Before you ever put pen to paper (or fingers to keys) on your corporate blog, it’s crucial to decide what tone your posts will take.
For a blog, it’s really important to think about how you’re talking to people. Are you teaching them something new? Are you improving their knowledge of events in your industry? Are you informing them of something you just discovered? Are you pitching something to them?
A blog is meant to be a conversation, but you’re the one starting, the one opening the conversation. Your tone sets the bounds for the conversation. It establishes a relationship between authors and readers.
No one tone is right for every blog; each blog has its own purpose and personality. Even when you’re discussing a corporate blog, it’s not a one-size-fits-all scenario.
To help you think about your style and tone, think about the following questions:
- Who are you and how do you want to be viewed? Do you want to be seen as a person or a corporate entity?
- Who is your target audience? Are you talking to engineers, lawyers, students, soccer moms? Make sure that you’re speaking in a language that your target audience understands. Avoid vague metaphors that might be lost on a segment of your readership. Remember: On the internet, you can always throw in a link to clarify something that you’re not sure everyone understands, but many readers might not be willing to invest the time in research to understand your joke.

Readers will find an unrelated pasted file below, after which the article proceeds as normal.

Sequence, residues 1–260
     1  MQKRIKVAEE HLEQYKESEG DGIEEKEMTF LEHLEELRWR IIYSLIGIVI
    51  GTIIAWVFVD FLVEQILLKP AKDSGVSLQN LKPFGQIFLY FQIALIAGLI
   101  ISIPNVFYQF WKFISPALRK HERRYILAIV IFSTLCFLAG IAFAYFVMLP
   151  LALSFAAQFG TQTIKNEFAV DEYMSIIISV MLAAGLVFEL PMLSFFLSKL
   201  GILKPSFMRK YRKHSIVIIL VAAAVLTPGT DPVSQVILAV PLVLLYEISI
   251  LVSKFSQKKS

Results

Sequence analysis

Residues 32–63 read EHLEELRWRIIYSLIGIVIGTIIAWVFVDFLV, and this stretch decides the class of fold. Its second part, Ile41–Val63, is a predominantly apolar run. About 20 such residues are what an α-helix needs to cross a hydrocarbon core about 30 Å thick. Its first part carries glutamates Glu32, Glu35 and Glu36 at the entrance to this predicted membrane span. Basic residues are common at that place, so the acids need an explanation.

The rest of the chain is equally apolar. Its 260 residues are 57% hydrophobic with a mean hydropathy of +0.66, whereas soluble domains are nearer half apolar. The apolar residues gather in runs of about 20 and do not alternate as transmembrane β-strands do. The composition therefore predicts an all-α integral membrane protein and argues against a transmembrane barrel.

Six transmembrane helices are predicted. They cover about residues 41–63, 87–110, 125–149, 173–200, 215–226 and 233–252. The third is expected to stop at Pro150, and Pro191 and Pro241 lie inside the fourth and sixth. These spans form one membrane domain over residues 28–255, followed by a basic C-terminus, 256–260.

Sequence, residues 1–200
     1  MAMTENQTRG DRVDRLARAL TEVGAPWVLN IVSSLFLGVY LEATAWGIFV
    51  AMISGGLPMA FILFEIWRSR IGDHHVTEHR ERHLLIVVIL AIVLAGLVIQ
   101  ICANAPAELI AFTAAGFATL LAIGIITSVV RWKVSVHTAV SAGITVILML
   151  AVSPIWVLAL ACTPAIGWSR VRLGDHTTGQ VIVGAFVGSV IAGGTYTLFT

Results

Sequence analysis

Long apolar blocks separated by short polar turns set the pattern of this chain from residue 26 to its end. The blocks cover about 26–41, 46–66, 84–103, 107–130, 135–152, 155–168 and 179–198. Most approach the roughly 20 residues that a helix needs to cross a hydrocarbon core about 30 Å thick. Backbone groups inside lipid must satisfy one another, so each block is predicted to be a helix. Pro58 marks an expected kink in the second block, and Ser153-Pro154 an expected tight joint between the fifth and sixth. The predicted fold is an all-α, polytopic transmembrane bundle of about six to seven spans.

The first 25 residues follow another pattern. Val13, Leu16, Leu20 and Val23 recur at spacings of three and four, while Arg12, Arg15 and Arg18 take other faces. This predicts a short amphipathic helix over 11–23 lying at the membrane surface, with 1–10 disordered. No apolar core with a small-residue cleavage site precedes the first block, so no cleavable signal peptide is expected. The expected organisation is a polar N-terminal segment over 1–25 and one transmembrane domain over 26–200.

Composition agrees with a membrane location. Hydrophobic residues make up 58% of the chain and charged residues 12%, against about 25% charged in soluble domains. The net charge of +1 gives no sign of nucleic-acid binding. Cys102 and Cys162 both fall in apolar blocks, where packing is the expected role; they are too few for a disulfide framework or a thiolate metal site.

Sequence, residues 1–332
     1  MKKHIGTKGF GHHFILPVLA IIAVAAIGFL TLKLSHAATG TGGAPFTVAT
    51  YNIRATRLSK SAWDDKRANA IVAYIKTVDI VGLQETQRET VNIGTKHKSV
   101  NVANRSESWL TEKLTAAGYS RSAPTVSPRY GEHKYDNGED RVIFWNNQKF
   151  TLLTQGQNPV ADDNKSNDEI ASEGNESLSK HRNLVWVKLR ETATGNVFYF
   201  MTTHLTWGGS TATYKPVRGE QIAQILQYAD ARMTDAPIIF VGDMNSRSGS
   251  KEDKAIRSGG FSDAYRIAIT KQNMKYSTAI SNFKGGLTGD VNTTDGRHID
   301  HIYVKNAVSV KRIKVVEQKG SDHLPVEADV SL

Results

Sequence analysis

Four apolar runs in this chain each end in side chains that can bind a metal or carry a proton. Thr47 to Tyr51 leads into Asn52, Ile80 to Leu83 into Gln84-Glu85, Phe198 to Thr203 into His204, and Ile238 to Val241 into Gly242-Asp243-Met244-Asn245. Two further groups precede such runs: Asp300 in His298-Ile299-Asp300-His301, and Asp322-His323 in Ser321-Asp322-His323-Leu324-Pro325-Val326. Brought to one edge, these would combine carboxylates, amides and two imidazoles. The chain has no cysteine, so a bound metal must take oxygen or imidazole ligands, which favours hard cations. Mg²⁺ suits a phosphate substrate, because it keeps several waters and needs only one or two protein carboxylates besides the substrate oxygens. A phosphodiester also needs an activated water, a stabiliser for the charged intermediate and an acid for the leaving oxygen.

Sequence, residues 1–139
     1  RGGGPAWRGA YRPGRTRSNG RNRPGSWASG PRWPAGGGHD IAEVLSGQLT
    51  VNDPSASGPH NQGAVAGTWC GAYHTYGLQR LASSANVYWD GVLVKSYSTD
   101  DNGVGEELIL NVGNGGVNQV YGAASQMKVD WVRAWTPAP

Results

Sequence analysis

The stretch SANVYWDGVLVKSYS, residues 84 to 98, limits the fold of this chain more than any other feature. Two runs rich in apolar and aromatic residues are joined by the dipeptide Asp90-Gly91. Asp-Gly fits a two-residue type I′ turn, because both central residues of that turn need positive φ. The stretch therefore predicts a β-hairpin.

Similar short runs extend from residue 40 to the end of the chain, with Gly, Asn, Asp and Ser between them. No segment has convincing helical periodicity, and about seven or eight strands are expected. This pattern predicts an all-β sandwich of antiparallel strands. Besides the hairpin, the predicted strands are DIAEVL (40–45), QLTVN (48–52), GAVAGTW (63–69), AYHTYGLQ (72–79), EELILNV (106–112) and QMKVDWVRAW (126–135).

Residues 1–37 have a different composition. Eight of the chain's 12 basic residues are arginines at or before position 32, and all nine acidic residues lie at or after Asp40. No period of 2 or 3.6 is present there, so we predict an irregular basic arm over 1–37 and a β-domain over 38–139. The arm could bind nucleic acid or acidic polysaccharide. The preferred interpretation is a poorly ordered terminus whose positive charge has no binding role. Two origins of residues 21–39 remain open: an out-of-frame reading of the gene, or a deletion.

- What are you trying to say? Do you want to tell people how and why to use your product? Are you positioning yourself as a thought leader in your industry? Are you eliciting feedback from your users? While each choice is valid, they will take your blog on a very different path.
- Keep your tone friendly and polite. Remember that no one likes to be preached at when they’re not in church.
- What’s your ultimate goal? Do you want readers to share the post or click through to make a purchase? Is the post a gateway to another marketing collateral, or an all-in-one marketing pitch, complete with a call to action? Make sure you know what you’re aiming at, because if you don’t, you may get a result you don’t want.
In short, be intentional. If you’re writing a how-to guide, it’s not a pre-sales pitch. Write to express your message to the audience in a manner that leads them to the set goals.